Facebook is changing. The social network, which now has more than 1.1 billion users worldwide, is not just a place where folks can “like” status updates or post pictures of their weekend getaways.
Facebook has officially become a full-fledged online and mobile business designed to dramatically improve the company’s standing among Web giants such as Google and Yahoo.
Facebook itself will acknowledge that its business is changing. The company has for the last several quarters been telling shareholders that it’s now heavily focused on mobile and will continue to be that way for the long term.
Furthermore, Facebook has said that it wants to take a more active role in the online world and establish itself as a competitor in search and the surfacing of content. In other words, Facebook understands it can’t stake its future growth strictly on social networking any longer.
Read on to find out about the many ways Facebook is changing its business:
1. It’s mobile time
If Facebook has proved anything over the last several months, it’s that mobile is central to the company’s ability to be successful. And Facebook has made a strong push in that direction with improved mobile apps and its own platform, Facebook Home. The social network is no longer just a Web-based giant.
2. Mobile ads are everything
Mobile ads mean everything to Facebook right now. In fact, the company announced that revenue was up a whopping 38 percent last quarter to $1.46 billion, thanks to mobile-ad sales. Mobile-ad sales now represent 30 percent of all of Facebook’s advertising revenue. If that doesn’t say something about its business model, what does?
3. It’s taking on Android
It’s important to point out that the Facebook Home application platform is not just a way to enhance the social element on Android, but a way to actually take on Google’s software. Facebook wants to partner with hardware vendors and get Home running on as many products as possible. And in so doing, it’ll undercut Android and Google+ and become the centerpiece of the mobile experience.
4. It’s leaving the social-only focus behind
Facebook is no longer just about social networking. The company is in the photo-sharing business with Instagram, it’s a game-platform provider for developers, and it’s selling virtual goods to users. Facebook is really a marketplace. And it’s using its social network roots to help grow that marketplace.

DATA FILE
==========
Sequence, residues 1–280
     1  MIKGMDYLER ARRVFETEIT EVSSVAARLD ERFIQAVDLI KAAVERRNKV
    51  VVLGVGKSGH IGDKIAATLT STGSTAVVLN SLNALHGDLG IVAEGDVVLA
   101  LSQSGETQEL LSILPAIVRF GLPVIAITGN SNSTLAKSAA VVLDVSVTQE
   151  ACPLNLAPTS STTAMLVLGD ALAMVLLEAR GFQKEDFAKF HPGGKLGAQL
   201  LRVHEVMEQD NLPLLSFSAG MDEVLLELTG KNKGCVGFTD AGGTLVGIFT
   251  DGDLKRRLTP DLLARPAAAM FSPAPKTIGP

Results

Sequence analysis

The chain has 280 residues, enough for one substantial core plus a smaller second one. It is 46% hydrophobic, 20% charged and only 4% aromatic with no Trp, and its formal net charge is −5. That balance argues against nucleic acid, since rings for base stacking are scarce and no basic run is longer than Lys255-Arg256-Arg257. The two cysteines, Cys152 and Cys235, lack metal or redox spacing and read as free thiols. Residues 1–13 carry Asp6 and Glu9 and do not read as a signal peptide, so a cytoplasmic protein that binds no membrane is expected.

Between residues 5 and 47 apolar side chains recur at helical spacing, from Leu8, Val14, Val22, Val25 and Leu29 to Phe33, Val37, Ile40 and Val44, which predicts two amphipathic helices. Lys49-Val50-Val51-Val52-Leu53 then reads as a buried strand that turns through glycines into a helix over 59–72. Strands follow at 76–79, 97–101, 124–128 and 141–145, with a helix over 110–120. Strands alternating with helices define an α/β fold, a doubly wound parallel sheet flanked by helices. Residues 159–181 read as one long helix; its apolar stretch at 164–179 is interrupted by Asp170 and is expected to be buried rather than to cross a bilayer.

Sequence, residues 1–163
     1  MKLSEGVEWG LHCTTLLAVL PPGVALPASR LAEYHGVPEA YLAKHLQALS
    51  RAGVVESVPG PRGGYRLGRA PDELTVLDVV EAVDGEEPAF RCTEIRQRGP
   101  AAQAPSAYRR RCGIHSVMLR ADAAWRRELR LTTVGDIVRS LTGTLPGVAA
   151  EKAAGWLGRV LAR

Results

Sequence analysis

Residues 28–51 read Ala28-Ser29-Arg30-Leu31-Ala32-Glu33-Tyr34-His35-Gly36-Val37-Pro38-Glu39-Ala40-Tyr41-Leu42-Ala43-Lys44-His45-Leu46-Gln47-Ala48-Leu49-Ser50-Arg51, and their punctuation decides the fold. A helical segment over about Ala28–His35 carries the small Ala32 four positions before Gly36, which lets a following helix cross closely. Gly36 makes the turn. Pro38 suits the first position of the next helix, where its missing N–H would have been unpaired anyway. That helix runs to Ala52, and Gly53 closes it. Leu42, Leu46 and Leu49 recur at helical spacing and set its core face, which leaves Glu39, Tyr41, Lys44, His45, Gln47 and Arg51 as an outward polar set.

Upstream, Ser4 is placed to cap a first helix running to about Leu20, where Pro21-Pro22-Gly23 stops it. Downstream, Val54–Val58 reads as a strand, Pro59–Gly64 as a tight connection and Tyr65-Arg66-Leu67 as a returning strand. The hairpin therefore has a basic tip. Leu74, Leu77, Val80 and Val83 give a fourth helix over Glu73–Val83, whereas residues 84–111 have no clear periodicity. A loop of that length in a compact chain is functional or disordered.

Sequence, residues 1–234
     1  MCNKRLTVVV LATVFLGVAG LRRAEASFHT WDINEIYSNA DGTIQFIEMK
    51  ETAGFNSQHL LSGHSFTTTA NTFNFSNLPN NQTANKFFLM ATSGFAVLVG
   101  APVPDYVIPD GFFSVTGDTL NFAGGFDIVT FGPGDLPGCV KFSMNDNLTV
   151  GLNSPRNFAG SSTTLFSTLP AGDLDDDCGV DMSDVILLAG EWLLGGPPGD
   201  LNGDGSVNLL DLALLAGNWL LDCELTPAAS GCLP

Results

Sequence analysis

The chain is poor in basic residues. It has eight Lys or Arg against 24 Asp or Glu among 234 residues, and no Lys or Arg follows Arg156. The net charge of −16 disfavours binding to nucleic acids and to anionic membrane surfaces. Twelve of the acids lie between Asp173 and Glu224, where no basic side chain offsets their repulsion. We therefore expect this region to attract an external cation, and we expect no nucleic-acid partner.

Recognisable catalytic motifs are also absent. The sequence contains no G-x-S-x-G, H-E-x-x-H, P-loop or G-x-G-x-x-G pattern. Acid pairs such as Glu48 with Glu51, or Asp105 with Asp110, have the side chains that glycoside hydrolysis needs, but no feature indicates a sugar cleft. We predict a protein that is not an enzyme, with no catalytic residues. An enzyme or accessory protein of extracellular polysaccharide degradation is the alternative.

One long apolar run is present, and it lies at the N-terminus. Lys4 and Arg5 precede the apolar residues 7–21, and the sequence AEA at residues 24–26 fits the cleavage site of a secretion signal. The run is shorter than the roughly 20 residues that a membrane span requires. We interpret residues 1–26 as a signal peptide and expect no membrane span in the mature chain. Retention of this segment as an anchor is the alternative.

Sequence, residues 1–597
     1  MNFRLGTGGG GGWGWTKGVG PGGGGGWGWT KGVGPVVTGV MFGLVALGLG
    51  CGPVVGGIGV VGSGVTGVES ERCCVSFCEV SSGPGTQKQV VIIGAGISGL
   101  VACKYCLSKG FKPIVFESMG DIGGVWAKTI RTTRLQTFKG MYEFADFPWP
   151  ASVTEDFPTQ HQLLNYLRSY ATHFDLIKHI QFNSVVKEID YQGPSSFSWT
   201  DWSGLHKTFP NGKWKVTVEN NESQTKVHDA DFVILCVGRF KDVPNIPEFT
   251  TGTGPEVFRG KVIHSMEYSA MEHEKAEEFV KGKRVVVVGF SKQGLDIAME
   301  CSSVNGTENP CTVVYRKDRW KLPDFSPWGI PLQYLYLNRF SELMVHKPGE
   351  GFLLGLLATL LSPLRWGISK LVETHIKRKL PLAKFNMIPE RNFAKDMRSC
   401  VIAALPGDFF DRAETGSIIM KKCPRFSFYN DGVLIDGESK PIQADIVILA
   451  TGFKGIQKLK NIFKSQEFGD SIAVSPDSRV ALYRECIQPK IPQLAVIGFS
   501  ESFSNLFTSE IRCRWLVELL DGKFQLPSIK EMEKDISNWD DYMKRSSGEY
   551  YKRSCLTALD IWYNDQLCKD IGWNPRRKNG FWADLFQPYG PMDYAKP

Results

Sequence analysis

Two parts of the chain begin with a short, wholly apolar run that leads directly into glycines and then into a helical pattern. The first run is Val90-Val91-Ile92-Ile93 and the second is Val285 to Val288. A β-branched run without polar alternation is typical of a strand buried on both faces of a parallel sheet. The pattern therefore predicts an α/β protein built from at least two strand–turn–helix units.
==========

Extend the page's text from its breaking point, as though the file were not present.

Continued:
Facebook is Moving Beyond Social for Future Growth: 10 Reasons Why
5. Facebook is creeping onto other Web pages
Facebook “like” buttons have always been found on Web pages, but now more than ever, the company is finding ways to get its tentacles into Web pages. In fact, Facebook is making it easier for developers to share their content on the social network and has installed a host of social features designed for its users to get more from Web pages. It’s an interesting tactic called Open Graph that could pay off over time.
6. It’s using Microsoft
Make no mistake: Facebook is using Microsoft as much as possible to grow its business. Years ago, Microsoft invested in Facebook, giving the software giant a partial say in the social network’s business. Facebook is supplementing its Graph Search feature with results from Microsoft’s Bing search engine. For now, Facebook needs Microsoft and is using the company for its own gain. But how much longer can that really last? We shall see.
7. Watch out, Google
Speaking of search, it might be a good time for Google to keep an eye on Facebook. The social network has installed a new search function in its Website that makes it much easier for folks to surface content from around the Web. Considering how much internal searching is done on Facebook, it should be interesting to see how the move might impact global searches on external sites.
8. An eye on messaging
Messaging is a key function for the vast majority of mobile users around the world. And thanks to its mobile applications and Web presence, messaging is made simple through Facebook. And simple messaging is what people want, according to a recent study, which found that more messages are being sent over third-party applications than through SMS. Messaging could be a key component in Facebook’s business model.
9. Strategic acquisitions
Another way Facebook has changed its stance in the online world is by buying up different companies. The biggest buy last year was photo-sharing site Instagram, which has quickly solidified its position as the most popular of all such services. Debate rages over whether Facebook should have paid so much for Instagram. It bought the company for $1 billion, and Facebook hasn’t found a way to effectively monetize the photo service. But those kinds of strategic acquisitions mean Facebook is thinking outside the box.
10. It’s now listening to other people
Until Facebook went public, the company knew one thing and one thing only: It could do what it wanted, when it wanted. But now that it’s a public company, it’s beholden to shareholders that might not always agree on its decision-making. That is what prompted Facebook to go mobile, and its status as a public company has to be factored into all future strategic decisions. As powerful and wealthy as CEO Mark Zuckerberg might be, don’t discount the power of shareholders.